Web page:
Remember a few days ago, when Twitter elevated anti-GamerGate leader Anita Sarkeesian to its “Trust and Safety Council,” an imperious-sounding committee with Robespierre-esque powers to police discussion on the social media platform? The goal, according to Twitter, was to make it easier for users to express themselves freely and safely.
One user who won’t be expressing himself at all is Robert Stacy McCain: a conservative journalist, blogger, self-described anti-feminist, and prominent GamerGate figure who was banned from Twitter on Friday night. Clicking on his page redirects to this “account suspended” message that encourages users to re-read Twitter’s policies on abusive behavior.
Before going further, two caveats: First, it may be that McCain is guilty of some genuine Twitter-related misconduct that no one is aware of, and that Twitter suspended his account for non-political reasons. Second, it may be that McCain’s suspension represents overreach on the part of an overzealous underling at the San Francisco company, not the deliberate implementation of a new policy, and that his account will be swiftly restored (though that looks increasingly unlikely).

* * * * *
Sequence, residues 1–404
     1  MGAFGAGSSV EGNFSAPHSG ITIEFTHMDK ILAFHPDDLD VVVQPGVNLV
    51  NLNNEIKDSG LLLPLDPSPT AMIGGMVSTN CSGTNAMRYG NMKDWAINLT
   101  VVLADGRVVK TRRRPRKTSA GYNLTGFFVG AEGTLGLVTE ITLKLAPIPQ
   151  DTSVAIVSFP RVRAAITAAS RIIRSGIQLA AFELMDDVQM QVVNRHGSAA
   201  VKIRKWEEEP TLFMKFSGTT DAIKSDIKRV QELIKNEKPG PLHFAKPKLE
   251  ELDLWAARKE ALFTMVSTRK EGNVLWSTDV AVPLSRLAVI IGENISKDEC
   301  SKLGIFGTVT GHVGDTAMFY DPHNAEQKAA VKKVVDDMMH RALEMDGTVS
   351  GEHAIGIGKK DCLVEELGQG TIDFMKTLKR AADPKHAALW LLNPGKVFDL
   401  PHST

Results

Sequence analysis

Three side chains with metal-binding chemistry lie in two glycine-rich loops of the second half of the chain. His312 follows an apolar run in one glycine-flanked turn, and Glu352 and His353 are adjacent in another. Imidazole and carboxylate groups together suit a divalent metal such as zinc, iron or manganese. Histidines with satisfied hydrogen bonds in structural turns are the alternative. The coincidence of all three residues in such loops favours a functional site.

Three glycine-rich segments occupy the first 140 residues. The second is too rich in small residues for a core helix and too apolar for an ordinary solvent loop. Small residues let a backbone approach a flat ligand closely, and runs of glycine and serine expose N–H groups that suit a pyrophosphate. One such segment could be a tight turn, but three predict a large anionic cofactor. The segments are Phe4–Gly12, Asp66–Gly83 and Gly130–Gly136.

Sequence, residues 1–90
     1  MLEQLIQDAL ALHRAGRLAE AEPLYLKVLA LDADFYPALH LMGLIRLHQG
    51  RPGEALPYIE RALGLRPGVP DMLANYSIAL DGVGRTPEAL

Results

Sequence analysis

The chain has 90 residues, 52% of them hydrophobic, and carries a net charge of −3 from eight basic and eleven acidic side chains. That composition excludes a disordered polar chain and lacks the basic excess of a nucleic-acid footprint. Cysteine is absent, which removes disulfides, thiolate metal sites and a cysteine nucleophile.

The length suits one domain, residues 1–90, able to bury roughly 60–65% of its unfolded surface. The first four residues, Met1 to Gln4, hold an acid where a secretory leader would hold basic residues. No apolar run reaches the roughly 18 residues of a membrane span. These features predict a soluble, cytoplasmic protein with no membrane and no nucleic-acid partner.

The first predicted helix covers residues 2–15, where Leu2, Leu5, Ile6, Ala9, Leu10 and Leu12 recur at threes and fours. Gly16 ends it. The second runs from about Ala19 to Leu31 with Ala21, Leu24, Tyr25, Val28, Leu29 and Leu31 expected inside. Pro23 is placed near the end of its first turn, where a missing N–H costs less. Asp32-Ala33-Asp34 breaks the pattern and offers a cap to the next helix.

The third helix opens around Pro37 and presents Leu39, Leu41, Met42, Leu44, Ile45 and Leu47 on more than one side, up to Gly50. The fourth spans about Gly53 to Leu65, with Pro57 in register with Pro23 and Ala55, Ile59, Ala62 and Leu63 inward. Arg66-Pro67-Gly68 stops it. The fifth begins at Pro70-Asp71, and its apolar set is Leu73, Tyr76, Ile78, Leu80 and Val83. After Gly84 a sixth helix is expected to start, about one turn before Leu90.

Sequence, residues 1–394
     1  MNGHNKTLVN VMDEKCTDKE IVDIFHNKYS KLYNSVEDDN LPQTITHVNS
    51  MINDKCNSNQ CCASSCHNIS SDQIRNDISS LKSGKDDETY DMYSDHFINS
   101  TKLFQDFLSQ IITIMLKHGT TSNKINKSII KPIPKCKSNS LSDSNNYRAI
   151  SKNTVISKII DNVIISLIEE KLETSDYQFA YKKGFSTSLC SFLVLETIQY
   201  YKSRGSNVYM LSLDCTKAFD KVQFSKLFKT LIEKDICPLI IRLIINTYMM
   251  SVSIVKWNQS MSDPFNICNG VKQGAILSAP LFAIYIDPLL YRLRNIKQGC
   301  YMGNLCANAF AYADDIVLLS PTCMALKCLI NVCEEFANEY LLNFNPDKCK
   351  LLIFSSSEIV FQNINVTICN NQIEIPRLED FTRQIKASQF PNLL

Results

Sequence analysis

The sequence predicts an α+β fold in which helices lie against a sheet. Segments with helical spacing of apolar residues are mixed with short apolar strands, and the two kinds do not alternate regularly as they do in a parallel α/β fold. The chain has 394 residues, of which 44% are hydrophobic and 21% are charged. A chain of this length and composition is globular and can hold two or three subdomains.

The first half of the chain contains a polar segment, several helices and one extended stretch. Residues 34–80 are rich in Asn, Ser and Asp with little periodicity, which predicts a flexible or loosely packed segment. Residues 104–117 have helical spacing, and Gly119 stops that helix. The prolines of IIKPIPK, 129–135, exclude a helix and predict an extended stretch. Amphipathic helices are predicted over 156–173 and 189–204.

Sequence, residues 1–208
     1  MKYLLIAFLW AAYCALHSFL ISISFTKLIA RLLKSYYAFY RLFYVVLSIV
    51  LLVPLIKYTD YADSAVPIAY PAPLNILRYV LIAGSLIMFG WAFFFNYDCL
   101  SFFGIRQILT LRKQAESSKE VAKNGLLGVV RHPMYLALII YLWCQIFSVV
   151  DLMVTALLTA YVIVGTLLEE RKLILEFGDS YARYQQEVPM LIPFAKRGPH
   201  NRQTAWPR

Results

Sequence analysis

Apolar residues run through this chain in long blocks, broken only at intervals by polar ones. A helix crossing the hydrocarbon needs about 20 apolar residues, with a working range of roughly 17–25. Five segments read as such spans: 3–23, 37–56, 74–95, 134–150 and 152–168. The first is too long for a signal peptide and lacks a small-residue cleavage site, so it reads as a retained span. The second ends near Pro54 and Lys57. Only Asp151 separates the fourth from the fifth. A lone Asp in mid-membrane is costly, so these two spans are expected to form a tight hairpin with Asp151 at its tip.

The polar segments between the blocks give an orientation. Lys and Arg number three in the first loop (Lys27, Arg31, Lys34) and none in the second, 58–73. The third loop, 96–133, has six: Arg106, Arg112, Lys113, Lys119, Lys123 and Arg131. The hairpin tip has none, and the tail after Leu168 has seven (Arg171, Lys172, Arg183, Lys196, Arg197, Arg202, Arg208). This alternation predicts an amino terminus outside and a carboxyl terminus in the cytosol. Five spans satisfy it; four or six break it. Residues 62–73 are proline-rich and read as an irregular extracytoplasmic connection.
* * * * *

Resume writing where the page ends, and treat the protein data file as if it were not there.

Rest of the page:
If there is no more to the McCain case than meets the eye—that is, if Twitter is really breaking with its past policy of protecting users from targeted harassment and abuse and instead moving to systematically disfavor certain political views—then this could be the start of a truly significant moment in the online speech wars, and in the evolution of the media landscape more broadly.
Social media was supposed to democratize the flow of information. In a provocative Twitter essay on the ways that outlets like Twitter and Facebook weaken old-fashioned political establishments, Clay Shirky wrote: “Social media is breaking the political ‘Overton Window’ — the ability of elites to determine the outside edges of acceptable conversation.” In other words, now that the barriers to entry in the political conversation are lower, elites ostensibly have less ability than before to control the narrative.
Twitter’s decision to move against McCain is, in a sense, a challenge to Shirky’s thesis—a gamble that it is still possible for elites to aggressively delineate “the outside edges of acceptable conversation.” We’re just talking about a different set of elites: socially liberal Silicon Valley executives rather than centrist newspapermen and party establishmentarians.
Twitter may be right that it has a lot of room to maneuver here. The notion of social media as a “great liberator” that would inherently empower ordinary people at the expense of their rulers was always overblown—just ask the citizens of free and democratic Egypt. At the same time, it really is true that the Internet has changed the way that ideas are distributed. A person like McCain can gain access to the ears and eyes of people on the mainstream right in a way that similar iconoclasts might not have been able to two decades ago. It remains to be seen whether the genie can be put back in the bottle, or whether the backlash will be too powerful for social media companies to bear.